Guest Post | Are OTC hearing aids for everyone with hearing loss?

Exclusively written for the Official ReSound Blog

By Dr. Amy Sarow, Michigan Ear Institute   

In August, the U.S. Food and Drug Administration (FDA) announced an approved regulation that will pave the way for over-the-counter (OTC) hearing aids in October.

The idea behind the recent FDA ruling approving over-the-counter (OTC) hearing aids comes from a good place. In the United States 15 percent of the adult population (37.5 million) report some degree of hearing difficulty[1] and worldwide the WHO reports that 1.5 billion people suffer from hearing loss[2]. Despite the large number of people affected, only about 14 percent actually use amplification[3].

Unfortunately, access to hearing healthcare is limited, primarily due to two culprits: cost and stigma. The cost of a pair of hearing aids is a major investment for most households. Additionally, some are thwarted from pursuing hearing devices due to the social stigma associated with hearing loss and visible hearing aids. One study found that 40 percent of adults with hearing loss avoid hearing aids due to stigma[4]. At face value, OTC hearing aids aim to reduce the barrier to entry for these two contributing factors.

[1] Lin FR, Niparko JK, Ferrucci L.  Hearing loss prevalence in the United States. [Letter] Arch Intern Med. 2011 Nov 14; 171(20): 1851-1852.

[2] https://www.who.int/health-topics/hearing-loss#tab=tab_1

[3] Chien  W, Lin  FR.  Prevalence of hearing aid use among older adults in the United States.  Arch Intern Med. 2012;172(3):292-293.

[4] Kochkin S. Marke Trak VII: Obstacles to adult non-user adoption of hearing aids. Hear Jour. 2007;60(4):24-51.

Kochkin S. MarkeTrak V: “Why my hearing aids are in the drawer”: the consumers’ perspective. Hear Jour. 2000;53(2):34.

Mental and Social Well Being

The Covid pandemic certainly has had an impact on mental health – and for good reason. It can be really hard on us mentally and emotionally when we feel isolated and disconnected. We are social creatures and need social interaction to feel connected and fulfilled. For many with hearing loss, this type of social isolation is an unfortunate result of hearing difficulty. Hearing impairment is associated with increased risk of depression, most notably among adults aged 18 to 69[5].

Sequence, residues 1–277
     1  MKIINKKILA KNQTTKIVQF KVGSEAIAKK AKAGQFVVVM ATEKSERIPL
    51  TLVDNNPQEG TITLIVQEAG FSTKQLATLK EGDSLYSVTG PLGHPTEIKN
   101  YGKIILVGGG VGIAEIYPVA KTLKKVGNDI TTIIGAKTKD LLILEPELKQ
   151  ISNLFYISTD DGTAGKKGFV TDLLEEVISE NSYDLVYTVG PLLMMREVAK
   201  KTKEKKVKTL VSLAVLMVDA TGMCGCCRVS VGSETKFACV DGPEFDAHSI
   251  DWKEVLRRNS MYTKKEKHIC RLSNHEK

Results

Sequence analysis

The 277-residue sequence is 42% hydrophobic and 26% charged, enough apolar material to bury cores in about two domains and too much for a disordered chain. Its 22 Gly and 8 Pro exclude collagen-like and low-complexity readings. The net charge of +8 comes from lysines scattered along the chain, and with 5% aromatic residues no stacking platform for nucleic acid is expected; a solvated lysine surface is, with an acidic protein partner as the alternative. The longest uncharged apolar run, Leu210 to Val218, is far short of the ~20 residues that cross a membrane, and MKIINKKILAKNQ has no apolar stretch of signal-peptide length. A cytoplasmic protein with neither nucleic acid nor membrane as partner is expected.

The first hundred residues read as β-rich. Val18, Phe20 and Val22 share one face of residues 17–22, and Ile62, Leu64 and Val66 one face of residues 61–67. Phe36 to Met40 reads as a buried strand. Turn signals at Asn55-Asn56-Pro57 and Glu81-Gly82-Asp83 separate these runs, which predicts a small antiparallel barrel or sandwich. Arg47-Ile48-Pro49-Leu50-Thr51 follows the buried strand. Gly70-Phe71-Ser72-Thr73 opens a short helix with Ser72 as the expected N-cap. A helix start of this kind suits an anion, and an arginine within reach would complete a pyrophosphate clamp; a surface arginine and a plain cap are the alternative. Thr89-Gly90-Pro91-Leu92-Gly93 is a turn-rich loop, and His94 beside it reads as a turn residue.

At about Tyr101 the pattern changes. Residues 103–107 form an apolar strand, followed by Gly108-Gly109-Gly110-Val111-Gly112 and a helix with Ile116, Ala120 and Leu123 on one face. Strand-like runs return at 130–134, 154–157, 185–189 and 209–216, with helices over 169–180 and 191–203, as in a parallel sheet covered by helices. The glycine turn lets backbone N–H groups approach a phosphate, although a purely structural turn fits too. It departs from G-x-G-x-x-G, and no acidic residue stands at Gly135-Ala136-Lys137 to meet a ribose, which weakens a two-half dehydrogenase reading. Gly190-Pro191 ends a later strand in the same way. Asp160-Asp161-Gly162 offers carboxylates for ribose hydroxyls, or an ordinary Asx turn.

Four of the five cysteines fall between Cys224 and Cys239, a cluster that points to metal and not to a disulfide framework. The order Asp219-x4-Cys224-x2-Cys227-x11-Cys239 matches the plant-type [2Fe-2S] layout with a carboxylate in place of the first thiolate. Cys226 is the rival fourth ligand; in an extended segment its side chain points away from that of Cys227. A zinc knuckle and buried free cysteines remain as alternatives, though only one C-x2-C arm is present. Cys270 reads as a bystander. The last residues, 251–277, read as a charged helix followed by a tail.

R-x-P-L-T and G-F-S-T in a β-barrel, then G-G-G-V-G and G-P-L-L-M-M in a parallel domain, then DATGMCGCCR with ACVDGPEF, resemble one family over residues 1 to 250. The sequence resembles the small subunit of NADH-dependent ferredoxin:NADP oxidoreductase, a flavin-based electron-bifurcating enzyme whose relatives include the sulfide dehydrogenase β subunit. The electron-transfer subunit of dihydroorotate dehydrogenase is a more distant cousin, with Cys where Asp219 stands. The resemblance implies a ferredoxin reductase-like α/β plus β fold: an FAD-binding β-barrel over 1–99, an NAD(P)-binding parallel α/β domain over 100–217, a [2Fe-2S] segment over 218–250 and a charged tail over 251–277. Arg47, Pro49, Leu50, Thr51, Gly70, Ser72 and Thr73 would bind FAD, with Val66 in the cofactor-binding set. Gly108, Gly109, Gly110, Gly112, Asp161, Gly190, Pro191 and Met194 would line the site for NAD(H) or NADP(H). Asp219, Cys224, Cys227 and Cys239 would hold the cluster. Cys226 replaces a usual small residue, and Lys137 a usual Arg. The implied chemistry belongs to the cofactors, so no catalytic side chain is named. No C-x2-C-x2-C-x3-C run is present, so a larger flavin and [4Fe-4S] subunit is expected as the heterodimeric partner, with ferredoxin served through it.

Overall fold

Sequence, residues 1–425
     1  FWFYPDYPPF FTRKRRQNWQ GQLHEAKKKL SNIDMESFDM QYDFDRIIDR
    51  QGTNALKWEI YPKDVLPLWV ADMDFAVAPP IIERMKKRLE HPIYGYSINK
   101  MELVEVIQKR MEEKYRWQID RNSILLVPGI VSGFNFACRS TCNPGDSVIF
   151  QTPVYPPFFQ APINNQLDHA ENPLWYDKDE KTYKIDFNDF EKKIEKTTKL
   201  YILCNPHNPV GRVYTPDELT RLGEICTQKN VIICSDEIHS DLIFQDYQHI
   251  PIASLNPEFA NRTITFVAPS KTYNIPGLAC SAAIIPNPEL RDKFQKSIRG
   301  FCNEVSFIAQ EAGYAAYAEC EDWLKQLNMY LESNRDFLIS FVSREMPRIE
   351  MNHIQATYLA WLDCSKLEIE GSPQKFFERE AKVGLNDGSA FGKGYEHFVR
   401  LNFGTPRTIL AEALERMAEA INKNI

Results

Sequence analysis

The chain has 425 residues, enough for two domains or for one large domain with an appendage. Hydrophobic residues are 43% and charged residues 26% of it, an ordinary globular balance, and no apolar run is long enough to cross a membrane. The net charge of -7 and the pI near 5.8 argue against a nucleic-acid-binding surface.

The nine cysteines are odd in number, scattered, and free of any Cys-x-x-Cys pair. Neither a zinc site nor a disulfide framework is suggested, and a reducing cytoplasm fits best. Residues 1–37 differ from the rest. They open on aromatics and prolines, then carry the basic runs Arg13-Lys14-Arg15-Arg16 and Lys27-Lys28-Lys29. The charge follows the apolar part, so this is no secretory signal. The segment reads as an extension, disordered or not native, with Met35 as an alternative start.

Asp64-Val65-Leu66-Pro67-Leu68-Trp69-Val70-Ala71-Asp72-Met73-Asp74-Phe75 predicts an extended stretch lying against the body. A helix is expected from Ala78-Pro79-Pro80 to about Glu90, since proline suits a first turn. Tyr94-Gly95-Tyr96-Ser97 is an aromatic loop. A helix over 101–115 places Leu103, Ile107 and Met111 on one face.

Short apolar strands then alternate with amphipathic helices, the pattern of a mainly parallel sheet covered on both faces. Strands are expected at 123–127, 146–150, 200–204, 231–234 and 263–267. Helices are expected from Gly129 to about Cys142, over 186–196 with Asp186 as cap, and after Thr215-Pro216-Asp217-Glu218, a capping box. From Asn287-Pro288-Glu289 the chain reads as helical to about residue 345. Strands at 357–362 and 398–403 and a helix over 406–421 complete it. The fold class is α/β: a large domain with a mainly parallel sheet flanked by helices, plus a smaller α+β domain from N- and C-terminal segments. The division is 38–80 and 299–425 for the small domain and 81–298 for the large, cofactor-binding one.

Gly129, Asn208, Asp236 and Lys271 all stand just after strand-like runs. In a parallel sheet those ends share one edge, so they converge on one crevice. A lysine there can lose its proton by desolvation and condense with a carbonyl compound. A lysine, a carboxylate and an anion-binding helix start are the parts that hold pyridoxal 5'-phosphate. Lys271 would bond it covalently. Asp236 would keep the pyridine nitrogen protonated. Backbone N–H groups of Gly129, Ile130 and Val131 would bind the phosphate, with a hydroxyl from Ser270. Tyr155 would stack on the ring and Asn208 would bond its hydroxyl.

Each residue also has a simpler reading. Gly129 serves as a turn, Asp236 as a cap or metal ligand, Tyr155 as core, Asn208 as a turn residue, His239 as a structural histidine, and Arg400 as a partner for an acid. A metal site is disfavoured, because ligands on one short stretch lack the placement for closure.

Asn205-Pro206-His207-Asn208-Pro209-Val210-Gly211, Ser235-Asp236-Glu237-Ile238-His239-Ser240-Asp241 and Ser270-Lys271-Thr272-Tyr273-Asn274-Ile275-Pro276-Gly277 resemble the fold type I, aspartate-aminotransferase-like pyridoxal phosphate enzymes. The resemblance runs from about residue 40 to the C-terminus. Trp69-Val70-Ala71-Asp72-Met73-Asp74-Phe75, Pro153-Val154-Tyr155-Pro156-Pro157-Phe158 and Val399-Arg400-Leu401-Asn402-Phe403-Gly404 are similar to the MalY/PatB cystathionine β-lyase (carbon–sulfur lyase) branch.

Hearing Loss Can Have a Big Impact on Healthcare Costs and Income

Hearing loss can be costly for both patients as well as the healthcare system. According to a recent study, those with untreated hearing loss will have an additional $22,434 in healthcare costs over ten years than patients with normal hearing.[6] Misunderstandings in patient-provider interactions can lead to increased healthcare costs or misunderstandings regarding medication instructions, for example.

Not only that, but hearing loss can also impact salary. Imagine missing out on important points during meetings with clients, small talk with colleagues, and other important aspects of daily work. Estimates speculate that employees lose as much as $30,000 per year in annual salary with an untreated hearing loss[7]. Meaning that untreated hearing loss can cause someone to both miss out on earning potential and cost more money in health expenses.

[5] Li, C.-M., Zhang, X., Hoffman, H. J., Cotch, M. F., Themann, C. L., & Wilson, M. R. (2014). Hearing impairment associated with depression in US adults, National Health and Nutrition Examination Survey 2005-2010. JAMA Otolaryngology–Head & Neck Surgery, 140(4), 293. https://doi.org/10.1001/jamaoto.2014.42

[6] Reed et al (2019). Trends in Healthcare cost and utilization associated with untreated hearing loss over 10 years. JAMA Otolaryngology-Head & Neck Surgery. 145(1), 27 – 34.

[7] Kochkin, S. (2010). Marketrak VIII: The efficacy of hearing aids in achieving compensation equity in the Workplace. The Hearing Journal, 63(10), 19–24. https://doi.org/10.1097/01.hj.0000389923.80044.e6

The good news is that for many people with hearing loss, treatment can make a big difference in overall health and wellbeing – and even financial health.